From 2pm until around 10pm I laboured with just gas and air, which at the time I felt was adequate. The contractions were bad when I was having them, but the time in between I was fine. I also had my TENS machine attached to my back which was giving me some relief too. I was examined by the wonderful student midwife looking after me at around 10pm and the midwife told me that I was only 4cm dilated. When I heard this news I was devastated as all the hard work I'd done up to now was only for 1cm! Due to the level of fatigue and exhaustion I was feeling, I asked for an epidural at this point, which was placed within 10-15 mins as the anaesthetist was on the ward already. It took seconds for the pain to disappear, and I laid down and fell asleep for the first time in 3 days.


I awoke an hour later, feeling a sharp pain in my bottom. I told my midwife this and she said sometimes it's a sign that you need to push. She examined me again and told me that I was 5cm dilated, which was good progress from the time that I was last examined. However, I felt something was wrong. The pain kept getting worse and within ten minutes I was back to having full blown contractions. The midwife said that it is unusual for an epidural to fail, but it seems that this is what has happened, and she would call the anaesthetist back to re site the epidural.


Wednesday 27th November 2019


It took from 11pm until 4am for the anaesthetist to come back to re site the epidural. My memories from this time are hazy and honestly I can't remember all the details due to how utterly exhausted I was. I was re-examined after the 2nd epidural was placed and told that I was now 6cm dilated. It was progress, but it didn't feel like progress to me. They wanted to re-examine me after the morning shift came on and decide a plan from there. The second epidural failed too, with no relief from this I was constantly feeling contractions, and if I could go back and change anything from this time it would be to not ask for an epidural as I only ever had a working one for around an hour anyway.


When the morning shift started, the midwife in charge examined me and she informed me that due to my baby being back to back in the womb, he had tried to turn in the birth canal and got stuck. This meant that my cervix had swollen to 5cm and I was classed as "failure to progress" which was absolutely a kick in the guts after all I felt I had endured over the past days. The registrar came to speak with me and he told me that I needed an emergency cesarean section and they were prepping theatre as we spoke to get baby out of me ASAP. I signed the consent form and cried my eyes out to my husband, who was just as scared as I was.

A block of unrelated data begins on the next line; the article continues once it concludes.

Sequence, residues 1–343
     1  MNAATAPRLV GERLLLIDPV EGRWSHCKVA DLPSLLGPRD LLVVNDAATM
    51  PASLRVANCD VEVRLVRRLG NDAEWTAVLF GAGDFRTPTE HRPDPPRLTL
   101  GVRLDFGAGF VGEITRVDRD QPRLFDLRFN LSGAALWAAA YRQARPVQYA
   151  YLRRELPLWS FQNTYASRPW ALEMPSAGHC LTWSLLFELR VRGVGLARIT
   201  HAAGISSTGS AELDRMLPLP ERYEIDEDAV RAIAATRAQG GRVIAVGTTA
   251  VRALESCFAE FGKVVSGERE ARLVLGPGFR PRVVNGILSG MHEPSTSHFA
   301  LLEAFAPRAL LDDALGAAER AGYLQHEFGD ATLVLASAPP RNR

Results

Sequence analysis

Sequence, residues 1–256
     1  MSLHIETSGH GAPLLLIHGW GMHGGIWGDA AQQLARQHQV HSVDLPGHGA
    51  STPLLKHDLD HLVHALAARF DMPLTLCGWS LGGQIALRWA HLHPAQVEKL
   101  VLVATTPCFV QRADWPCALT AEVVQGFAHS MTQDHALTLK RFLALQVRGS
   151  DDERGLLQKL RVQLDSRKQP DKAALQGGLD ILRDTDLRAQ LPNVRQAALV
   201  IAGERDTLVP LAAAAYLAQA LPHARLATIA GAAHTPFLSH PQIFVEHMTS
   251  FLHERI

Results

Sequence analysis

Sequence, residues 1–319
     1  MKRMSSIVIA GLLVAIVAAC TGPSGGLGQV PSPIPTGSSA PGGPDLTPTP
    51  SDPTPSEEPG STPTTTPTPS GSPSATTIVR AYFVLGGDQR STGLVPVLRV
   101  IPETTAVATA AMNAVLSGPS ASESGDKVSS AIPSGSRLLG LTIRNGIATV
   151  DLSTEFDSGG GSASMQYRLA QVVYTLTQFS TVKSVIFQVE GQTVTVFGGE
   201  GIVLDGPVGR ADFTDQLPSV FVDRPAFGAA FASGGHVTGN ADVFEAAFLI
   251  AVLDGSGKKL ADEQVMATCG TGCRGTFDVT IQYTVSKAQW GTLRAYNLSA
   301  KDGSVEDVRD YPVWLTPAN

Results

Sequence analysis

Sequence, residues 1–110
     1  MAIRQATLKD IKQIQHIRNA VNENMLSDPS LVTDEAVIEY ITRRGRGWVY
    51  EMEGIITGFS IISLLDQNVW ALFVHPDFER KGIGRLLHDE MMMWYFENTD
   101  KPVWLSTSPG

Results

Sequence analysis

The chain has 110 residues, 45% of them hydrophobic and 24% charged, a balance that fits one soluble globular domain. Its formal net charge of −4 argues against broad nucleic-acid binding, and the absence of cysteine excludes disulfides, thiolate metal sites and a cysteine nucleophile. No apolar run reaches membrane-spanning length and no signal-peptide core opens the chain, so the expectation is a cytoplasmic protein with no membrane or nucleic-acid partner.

I was wheeled down to theatre, where I saw a familiar face. It was the consultant anaesthetist that I saw in my antenatal checks, and she absolutely put my mind and body at ease. I told her about the failed epidurals and she assured me that she would be placing a new spinal anaesthetic before they did anything and she would personally see to it that I was in absolute comfort before proceeding. I remember it being an all-female team of doctors, surgeons and midwives in theatre with me, which I also found empowering being surrounded by other strong women. The spinal anaesthetic was placed and I went completely numb from the chest down and I remember feeling such relief over this.


Before I knew it, the operation had began. My husband was sat next to my head holding my hand. I felt some tugging, pulling and pushing, but no pain at all during the operation. I have absolutely no idea how much time elapsed between the start and end of the operation, but after some time, they told Steven to stand up and see his son being born. They then pulled the surgical screen down and presented me with my newborn baby son. He was purple, his fine hair, eyes and nails all stained green due to the meconium, but he was utterly the most beautiful sight I had ever set my eyes on. He was taken to be dried off and Steven cut his cord, and then he was placed straight on my chest where he remained until I was ready to be wheeled to the recovery room. In recovery, he was briefly placed with Steven whilst the baby was weighed and the midwife took my observations. I could hardly keep my eyes open, I was quite traumatised from the whole ordeal, in shock and utter disbelief that I finally had my baby here, as well as carrying the exhaustion from the past days events. But none of that mattered, because I finally held my darling baby boy that we had waited so long to hold.

The love of my life, Rory John Paul Thompson, born by emergency cesarean section on Wednesday 27th November at 9:14am weighing 9lb 11oz.